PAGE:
A View of Savannah, Georgia, 1734
A Spotlight on a Primary Source by Pierre Fourdrinier
The colony of Georgia was founded in 1732 by James Oglethorpe, a British Member of Parliament. Oglethorpe planned Savannah as a place where the poor could come to make a better life. An attempt to produce a "classless society," this first settlement in Georgia did not permit slavery and limited how much land could be owned. As Oglethorpe’s involvement in the colony diminished, the colonists in Georgia asked to have slavery allowed in their colony. By 1750, Georgia had become a slave-holding colony like its neighbor South Carolina.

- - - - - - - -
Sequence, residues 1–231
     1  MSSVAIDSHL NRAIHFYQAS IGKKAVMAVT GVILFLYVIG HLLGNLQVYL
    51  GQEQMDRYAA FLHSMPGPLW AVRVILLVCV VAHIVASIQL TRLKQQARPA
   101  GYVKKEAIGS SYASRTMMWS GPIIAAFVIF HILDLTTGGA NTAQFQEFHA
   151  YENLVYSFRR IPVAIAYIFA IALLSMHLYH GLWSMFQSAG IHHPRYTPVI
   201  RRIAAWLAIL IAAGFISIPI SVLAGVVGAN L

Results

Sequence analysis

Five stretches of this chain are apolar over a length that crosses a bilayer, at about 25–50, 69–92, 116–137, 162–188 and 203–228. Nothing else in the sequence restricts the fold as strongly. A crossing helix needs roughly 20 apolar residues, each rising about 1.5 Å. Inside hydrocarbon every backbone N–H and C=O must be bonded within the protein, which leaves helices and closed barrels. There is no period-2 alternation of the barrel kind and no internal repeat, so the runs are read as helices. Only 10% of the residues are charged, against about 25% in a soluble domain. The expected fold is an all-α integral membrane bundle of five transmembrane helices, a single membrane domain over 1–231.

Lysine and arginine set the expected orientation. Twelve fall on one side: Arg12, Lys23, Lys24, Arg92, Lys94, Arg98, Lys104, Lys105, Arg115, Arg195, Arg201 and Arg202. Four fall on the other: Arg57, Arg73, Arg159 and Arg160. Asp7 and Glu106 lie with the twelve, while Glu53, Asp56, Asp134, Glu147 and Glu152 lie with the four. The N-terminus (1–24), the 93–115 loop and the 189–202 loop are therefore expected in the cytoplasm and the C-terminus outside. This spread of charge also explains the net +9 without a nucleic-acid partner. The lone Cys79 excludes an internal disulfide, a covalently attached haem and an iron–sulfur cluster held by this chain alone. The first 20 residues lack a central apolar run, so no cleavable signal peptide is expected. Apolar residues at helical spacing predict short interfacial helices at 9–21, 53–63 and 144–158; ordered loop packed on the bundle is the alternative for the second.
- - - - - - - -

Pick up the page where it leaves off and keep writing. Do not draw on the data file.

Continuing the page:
This image of the year-old settlement in 1734 shows a grid of streets and squares carefully planned out by Oglethorpe. In the foreground, sailing ships and small boats visit the new port, and cargo is hauled up a steep embankment above the river. The engraving identifies important sites in the settlement: Mr. Ogelthorpe’s tent; the courthouse, mill, public oven, and well; the "House for Stangers"; the future location of the church; the fort and guard house among them. The original sketch is attributed to Peter Gordon, who was among the first settlers of the colony and served as its chief bailiff.